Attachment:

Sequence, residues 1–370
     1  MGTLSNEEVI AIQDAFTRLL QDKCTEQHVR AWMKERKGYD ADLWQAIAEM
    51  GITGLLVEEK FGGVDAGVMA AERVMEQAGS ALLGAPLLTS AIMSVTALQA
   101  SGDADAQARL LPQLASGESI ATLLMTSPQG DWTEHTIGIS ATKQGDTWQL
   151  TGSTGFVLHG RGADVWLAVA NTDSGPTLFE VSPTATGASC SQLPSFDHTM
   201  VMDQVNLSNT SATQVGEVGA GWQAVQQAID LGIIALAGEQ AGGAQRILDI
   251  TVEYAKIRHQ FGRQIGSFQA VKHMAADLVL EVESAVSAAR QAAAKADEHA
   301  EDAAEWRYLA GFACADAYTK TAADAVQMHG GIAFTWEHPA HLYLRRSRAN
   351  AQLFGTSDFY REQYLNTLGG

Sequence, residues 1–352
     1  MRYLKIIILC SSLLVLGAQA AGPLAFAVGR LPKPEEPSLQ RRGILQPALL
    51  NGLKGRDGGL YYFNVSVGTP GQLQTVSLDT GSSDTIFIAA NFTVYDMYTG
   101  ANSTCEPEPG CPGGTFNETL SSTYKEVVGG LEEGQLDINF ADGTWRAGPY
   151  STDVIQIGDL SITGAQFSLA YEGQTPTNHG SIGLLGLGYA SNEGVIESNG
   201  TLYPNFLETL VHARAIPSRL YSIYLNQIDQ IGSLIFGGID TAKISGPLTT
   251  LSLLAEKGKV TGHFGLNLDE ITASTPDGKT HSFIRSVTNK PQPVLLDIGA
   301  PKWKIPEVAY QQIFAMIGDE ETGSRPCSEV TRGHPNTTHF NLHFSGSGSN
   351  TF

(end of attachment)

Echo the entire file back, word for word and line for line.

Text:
Sequence, residues 1–370
     1  MGTLSNEEVI AIQDAFTRLL QDKCTEQHVR AWMKERKGYD ADLWQAIAEM
    51  GITGLLVEEK FGGVDAGVMA AERVMEQAGS ALLGAPLLTS AIMSVTALQA
   101  SGDADAQARL LPQLASGESI ATLLMTSPQG DWTEHTIGIS ATKQGDTWQL
   151  TGSTGFVLHG RGADVWLAVA NTDSGPTLFE VSPTATGASC SQLPSFDHTM
   201  VMDQVNLSNT SATQVGEVGA GWQAVQQAID LGIIALAGEQ AGGAQRILDI
   251  TVEYAKIRHQ FGRQIGSFQA VKHMAADLVL EVESAVSAAR QAAAKADEHA
   301  EDAAEWRYLA GFACADAYTK TAADAVQMHG GIAFTWEHPA HLYLRRSRAN
   351  AQLFGTSDFY REQYLNTLGG

Sequence, residues 1–352
     1  MRYLKIIILC SSLLVLGAQA AGPLAFAVGR LPKPEEPSLQ RRGILQPALL
    51  NGLKGRDGGL YYFNVSVGTP GQLQTVSLDT GSSDTIFIAA NFTVYDMYTG
   101  ANSTCEPEPG CPGGTFNETL SSTYKEVVGG LEEGQLDINF ADGTWRAGPY
   151  STDVIQIGDL SITGAQFSLA YEGQTPTNHG SIGLLGLGYA SNEGVIESNG
   201  TLYPNFLETL VHARAIPSRL YSIYLNQIDQ IGSLIFGGID TAKISGPLTT
   251  LSLLAEKGKV TGHFGLNLDE ITASTPDGKT HSFIRSVTNK PQPVLLDIGA
   301  PKWKIPEVAY QQIFAMIGDE ETGSRPCSEV TRGHPNTTHF NLHFSGSGSN
   351  TF